Anti-submarine warfare, or ASW, is one of a navy’s most difficult missions. Sonars detect submarines with only a fraction of the range and precision possible using radars or visual sensors against ships above the water. Submarines can carry missiles able to hit targets hundreds of miles away, requiring searches to cover potentially vast areas. And the torpedoes that aircraft and surface ships use to sink submarines need to be dropped right on the submarine to have any chance of sinking it.

These challenges led the Cold War-era U.S. Navy to rely on a sequential approach for tracking enemy submarines. Electronic or visual intelligence sources would report when an opposing sub was leaving port, and it would hopefully get picked up by sound surveillance, or SOSUS — sonar arrays on the sea floor — as it entered chokepoints, like that between Iceland and the United Kingdom.

Patrol aircraft would then attempt to track the submarine using sonar-equipped buoys, or sonobuoys, and eventually turn it over to a U.S. nuclear attack submarine, or SSN, for long-term trail.

The U.S. ASW model broke down, however, in the decades following the Cold War as U.S. submarine and patrol aircraft fleets shrank, the Chinese submarine fleet grew, and Russian submarines became quieter. Today, the U.S. Navy devotes enormous effort to tracking each modern Russian submarine in the western Atlantic.

During the 2000s, the strategy of full-spectrum ASW started an essential shift in goals, from being able to sink submarines when needed to being able to defeat submarines by preventing them from accomplishing their mission.

Full-spectrum ASW and other current concepts, however, still rely on aircraft, ships and submarines for sensing, tracking and attacking enemy submarines to bottle them up near their own coasts or sink them in the open ocean. Although SOSUS has improved since the Cold War and is joined by a family of new deployable seabed arrays, the next link in the U.S. ASW chain is still a P-8A Poseidon patrol aircraft, an Arleigh Burke-class guided-missile destroyer, or a U.S. SSN. These platforms are in short supply around the world, cost hundreds of millions to billions of dollars to buy and cost hundreds of thousands of dollars a day to operate.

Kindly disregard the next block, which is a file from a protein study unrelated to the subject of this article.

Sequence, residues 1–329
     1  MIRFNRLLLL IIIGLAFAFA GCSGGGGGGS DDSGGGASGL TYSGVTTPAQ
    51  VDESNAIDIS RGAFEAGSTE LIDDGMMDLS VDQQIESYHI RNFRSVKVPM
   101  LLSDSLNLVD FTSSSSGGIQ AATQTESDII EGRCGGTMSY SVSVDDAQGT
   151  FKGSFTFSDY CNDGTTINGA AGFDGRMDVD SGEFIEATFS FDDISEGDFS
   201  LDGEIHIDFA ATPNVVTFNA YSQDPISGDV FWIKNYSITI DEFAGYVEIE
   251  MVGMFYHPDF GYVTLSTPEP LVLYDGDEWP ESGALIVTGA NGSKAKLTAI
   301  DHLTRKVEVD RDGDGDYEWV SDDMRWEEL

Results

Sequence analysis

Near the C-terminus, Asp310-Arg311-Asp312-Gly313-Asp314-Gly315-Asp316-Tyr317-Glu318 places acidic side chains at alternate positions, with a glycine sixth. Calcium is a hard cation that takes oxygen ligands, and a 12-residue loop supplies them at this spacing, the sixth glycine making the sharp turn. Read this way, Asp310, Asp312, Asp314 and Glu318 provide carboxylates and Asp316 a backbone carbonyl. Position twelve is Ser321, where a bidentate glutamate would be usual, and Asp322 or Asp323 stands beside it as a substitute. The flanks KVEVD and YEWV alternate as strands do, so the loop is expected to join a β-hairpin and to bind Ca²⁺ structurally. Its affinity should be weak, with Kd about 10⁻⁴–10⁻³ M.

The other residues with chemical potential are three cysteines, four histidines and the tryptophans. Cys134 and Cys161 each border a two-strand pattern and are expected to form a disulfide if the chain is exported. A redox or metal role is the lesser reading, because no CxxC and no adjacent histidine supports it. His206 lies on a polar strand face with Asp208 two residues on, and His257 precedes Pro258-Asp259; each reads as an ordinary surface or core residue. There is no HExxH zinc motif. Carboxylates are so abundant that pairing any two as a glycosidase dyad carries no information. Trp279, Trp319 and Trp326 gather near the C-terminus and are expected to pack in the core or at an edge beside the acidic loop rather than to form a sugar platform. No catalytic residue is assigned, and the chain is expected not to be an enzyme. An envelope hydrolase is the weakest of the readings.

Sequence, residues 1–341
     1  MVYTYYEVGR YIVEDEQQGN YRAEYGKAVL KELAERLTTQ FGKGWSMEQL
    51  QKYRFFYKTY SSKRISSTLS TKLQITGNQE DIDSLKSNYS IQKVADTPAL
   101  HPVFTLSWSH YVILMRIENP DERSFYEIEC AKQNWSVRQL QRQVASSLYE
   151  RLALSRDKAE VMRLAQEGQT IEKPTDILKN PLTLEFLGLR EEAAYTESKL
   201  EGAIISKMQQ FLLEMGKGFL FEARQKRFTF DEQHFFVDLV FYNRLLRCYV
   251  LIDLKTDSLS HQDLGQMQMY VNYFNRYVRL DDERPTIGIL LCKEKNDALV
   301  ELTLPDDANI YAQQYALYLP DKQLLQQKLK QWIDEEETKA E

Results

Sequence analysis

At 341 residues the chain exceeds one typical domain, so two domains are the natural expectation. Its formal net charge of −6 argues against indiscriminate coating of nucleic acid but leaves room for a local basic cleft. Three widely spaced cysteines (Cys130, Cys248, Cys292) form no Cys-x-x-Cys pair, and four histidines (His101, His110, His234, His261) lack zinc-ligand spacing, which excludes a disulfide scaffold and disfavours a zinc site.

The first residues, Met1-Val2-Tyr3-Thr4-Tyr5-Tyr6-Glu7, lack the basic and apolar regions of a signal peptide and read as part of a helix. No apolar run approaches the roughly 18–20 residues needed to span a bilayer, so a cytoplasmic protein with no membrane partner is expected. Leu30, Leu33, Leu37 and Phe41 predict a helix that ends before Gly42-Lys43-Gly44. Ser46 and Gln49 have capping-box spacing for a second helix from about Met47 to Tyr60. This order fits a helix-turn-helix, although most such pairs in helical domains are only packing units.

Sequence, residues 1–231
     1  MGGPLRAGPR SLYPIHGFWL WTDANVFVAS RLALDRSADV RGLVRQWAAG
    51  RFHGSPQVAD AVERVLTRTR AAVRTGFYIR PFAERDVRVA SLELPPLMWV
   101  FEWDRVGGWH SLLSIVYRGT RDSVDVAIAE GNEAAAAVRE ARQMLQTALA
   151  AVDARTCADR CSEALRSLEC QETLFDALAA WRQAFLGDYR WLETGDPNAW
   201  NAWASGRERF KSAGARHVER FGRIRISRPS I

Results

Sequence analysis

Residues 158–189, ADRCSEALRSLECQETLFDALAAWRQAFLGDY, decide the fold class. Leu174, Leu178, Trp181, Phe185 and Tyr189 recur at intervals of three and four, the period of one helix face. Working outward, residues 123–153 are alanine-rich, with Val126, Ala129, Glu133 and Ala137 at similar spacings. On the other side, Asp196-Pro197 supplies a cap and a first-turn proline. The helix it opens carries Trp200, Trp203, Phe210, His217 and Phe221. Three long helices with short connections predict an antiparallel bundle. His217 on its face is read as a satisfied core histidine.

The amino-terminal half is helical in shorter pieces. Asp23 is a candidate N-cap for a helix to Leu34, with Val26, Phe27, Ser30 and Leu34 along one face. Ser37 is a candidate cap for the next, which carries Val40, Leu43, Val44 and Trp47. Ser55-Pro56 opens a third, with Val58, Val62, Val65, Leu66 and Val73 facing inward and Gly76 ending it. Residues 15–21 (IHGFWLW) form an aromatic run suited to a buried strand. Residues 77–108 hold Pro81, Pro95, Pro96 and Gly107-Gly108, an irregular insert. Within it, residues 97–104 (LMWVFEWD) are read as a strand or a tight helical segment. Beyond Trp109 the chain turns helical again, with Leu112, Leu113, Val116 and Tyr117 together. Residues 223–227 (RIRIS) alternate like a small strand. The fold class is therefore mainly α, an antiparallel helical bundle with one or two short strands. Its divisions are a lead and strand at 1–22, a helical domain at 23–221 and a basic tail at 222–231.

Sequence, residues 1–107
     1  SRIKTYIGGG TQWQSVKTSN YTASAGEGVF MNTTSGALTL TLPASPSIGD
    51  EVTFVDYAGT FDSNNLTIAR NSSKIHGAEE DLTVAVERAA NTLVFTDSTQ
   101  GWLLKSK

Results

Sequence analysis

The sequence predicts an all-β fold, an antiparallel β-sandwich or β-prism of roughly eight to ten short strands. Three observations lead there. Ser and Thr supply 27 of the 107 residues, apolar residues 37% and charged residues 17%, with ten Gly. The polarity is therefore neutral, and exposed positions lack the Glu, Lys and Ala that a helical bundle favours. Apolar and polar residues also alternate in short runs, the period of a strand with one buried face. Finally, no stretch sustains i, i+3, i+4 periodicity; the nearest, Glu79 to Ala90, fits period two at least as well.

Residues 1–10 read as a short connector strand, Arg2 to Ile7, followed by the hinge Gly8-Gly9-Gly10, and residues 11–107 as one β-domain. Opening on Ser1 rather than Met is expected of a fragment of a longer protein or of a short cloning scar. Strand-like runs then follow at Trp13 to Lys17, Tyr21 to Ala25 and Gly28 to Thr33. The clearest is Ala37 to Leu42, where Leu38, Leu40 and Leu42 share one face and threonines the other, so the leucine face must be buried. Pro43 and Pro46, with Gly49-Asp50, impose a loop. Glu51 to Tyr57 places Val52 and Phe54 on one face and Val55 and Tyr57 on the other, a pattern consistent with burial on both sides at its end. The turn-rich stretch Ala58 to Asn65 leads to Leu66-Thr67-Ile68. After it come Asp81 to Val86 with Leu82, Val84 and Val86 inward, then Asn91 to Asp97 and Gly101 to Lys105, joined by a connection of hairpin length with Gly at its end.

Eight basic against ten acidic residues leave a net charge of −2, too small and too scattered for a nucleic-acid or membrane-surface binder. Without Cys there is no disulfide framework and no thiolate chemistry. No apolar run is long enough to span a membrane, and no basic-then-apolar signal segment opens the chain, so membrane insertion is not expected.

Workers prepare the launching ceremony of the Russian diesel-electric attack submarine Stary Oskol on Admiralty Shipyard in Saint Petersburg on Aug. 28, 2014. (Olga Maltseva/AFP via Getty Images)
Workers prepare the launching ceremony of the Russian diesel-electric attack submarine Stary Oskol on Admiralty Shipyard in Saint Petersburg on Aug. 28, 2014. (Olga Maltseva/AFP via Getty Images)

With defense budgets flattening and likely to decrease in a post-COVID-19 environment, the U.S. Navy cannot afford to continue playing “little kid soccer” in ASW, with multiple aircraft or ships converging to track and destroy submarines before they can get within missile range of targets like aircraft carriers or bases ashore.

The Navy should instead increase the use of unmanned systems in ASW across the board, which cost a fraction to buy and operate compared to their manned counterparts. Unmanned aircraft could deploy sonobuoys or stationary sonar arrays, and unmanned undersea or surface vehicles could tow passive sonar arrays. Unmanned surface vehicles could also deploy low-frequency active sonars like those carried by U.S. undersea surveillance ships that can detect or drive off submarines from dozens of miles away.

Although autonomous platforms will not have the onboard operators of a destroyer or patrol aircraft, improved processing is enabling small autonomous sensors to rapidly identify contacts of interest. Line-of-sight or satellite communications can connect unmanned vehicles and sensors with operators ashore or on manned ASW platforms.

A significant shortfall of today’s ASW concepts is “closing the kill chain” by attacking enemy submarines. Air- or surface-launched weapons have short ranges and small warheads that reduce their ability to sink a submarine, but their cost and size prevents them from being purchased and fielded in large numbers.

Unmanned systems could address this shortfall in concert with a new approach to ASW that suppresses enemy submarines rather than destroying them. During World War II and the Cold War, allied navies largely kept submarines at bay through aggressive tracking and harassing attacks, or by forcing opposing SSNs to protect ballistic missile submarines.

The modern version of submarine suppression would include overt sensing operations combined with frequent torpedo or depth-bomb attacks. Although unmanned vehicles frequently launch lethal weapons today under human supervision, the small weapons that would be most useful for submarine suppression could be carried in operationally relevant numbers by medium-altitude, long-endurance UAVs or medium unmanned surface vessels. Moreover, the large number and long endurance of unmanned vehicles would enable the tracking and suppressing of many submarines over a wide area at lower risk than using patrol aircraft or destroyers.

Today the U.S. Navy uses unmanned systems in ASW primarily to detect submarines. To affordably conduct peacetime surveillance and effectively defeat submarines in wartime, the Navy should increase the role of unmanned systems. Using manned platforms to conduct command and control, and unmanned vehicles to track, deter and engage submarines, could significantly reduce the costs of ASW operations and enable the Navy to scale its ASW efforts to match the growing threat posed by submarine fleets.

Bryan Clark is a senior fellow at the Hudson Institute. He is an expert in naval operations, electronic warfare, autonomous systems, military competitions and war gaming.